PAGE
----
|2007||Timothy "Tim" Tebow||1987||26||27|
|2008||Samuel "Sam" Bradford||1987||50||44|
|2009||Mark Ingram Jr.||1989||42||17|
|2010||Cameron "Cam" Newton||1989||53||NA|
|2011||Robert Griffin III||1990||13||3|
|2012||Jonathan "Johnny" Manziel||1992||21 (John=14)||36 (John=2)|
Only two Heisman winners' names were ranked outside the Top 1,000 in their birth year: Jameis Winston and Rashaan Salaam. I wanted so badly to remove the "i" from Jameis and count it as a disambiguation of James, the number one most popular name in America in the last 100 years, but I didn't. Just couldn't justify it.
So 13 of 20 Heisman winners have names ranked in the top 100 most popular names of their birth year, even if you don't count Charlie as Charles and Errick as Eric. If you do, that makes 15 of 20. That leaves us with five uncommon names.
Five of the last 20 Heisman winners have names not ranked in the the top 100 most popular American male names of the last century or the top 100 most popular names of their birth year. Those five names are Rashaan, Carson, Reginald, Troy, and Jameis.
I wanted to know more though. Maybe these five beat out guys with names even less common than their own. So I went back and looked at the voting in the year that each won.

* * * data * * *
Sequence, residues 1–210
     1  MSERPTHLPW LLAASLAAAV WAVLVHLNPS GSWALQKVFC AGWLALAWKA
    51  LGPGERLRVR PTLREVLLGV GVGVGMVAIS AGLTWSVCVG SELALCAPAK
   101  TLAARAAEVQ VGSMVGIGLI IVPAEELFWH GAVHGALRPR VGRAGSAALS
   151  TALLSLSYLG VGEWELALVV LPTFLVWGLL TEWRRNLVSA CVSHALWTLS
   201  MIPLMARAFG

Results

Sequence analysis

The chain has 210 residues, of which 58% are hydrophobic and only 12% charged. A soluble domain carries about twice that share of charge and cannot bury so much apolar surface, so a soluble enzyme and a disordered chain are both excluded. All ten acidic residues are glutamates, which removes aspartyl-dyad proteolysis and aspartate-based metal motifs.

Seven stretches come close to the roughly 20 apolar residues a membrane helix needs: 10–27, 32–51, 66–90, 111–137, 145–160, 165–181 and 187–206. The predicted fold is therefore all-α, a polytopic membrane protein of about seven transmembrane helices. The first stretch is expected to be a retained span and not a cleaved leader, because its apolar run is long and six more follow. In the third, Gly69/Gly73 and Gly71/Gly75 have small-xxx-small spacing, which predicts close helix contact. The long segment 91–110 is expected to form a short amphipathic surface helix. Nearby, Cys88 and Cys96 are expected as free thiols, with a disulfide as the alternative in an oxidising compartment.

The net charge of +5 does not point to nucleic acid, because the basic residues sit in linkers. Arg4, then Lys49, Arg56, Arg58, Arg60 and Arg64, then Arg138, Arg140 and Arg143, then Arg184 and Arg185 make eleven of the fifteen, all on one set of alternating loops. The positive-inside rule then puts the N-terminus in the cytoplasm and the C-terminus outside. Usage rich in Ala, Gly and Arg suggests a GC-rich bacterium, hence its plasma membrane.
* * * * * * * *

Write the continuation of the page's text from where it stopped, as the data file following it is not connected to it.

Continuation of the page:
2013, 2006, 2005, 1994
Jameis Winston (2013) and Troy Smith (2006) won by a landslide. No use even comparing. There wasn't a close, or even consensus, second place in either race. Reggie Bush got nearly ten times as many first place votes as Vince Young, who placed second. Really not a competition in that one either.
Just an FYI, Vince was the #96 most popular name in his birth year, ahead of Reginald at #192, but Reggie outplayed Vince by such a wide margin, there was no debate.
In 1994, four players received over 100 first place votes, but Rashaan Salaam got over three times more first place votes than any of them. By the way, the guy who finished second? Ki-Jana Carter.
|Player||Birth Year||Rank in Birth Year||Rank in the last century||1st||2nd||3rd||Tot|
|5||Kenneth "Ken" Dorsey||1981||41||20||122||89||99||643|
The 2002 race is the biggest outlier to our Popular Name = Heisman Winner rule. The top five players all got at least 100 first-place votes, so we can say there was legit debate about who should win the award. This was the only time in the last twenty years that a debatable Heisman race was won by a guy with a name less common than his competitors. One time! In twenty years! So let's take a look at the three front-runners for this year's Heisman.
|Birth Year||Birth Year Rank||Rank in the last century|
None of the three names are ranked in the top 100 most popular names of the past 100 years, but Mariota had the most popular name of his birth year by a wide margin. The average rank of each Heisman winners' name among babies born in their birth year is 180, and that's if we include Rashaan Salaam and Jameis Winston with a rank of 1,000. If we remove those two outliers, the average rank drops to 80th. Right about where Marcus Mariota sits.
Mariota outplayed everyone this year, so it probably won't be a debate anyway, but even if he had laid an egg against Arizona, the Heisman probably still would have gone his way. That's what's in a name.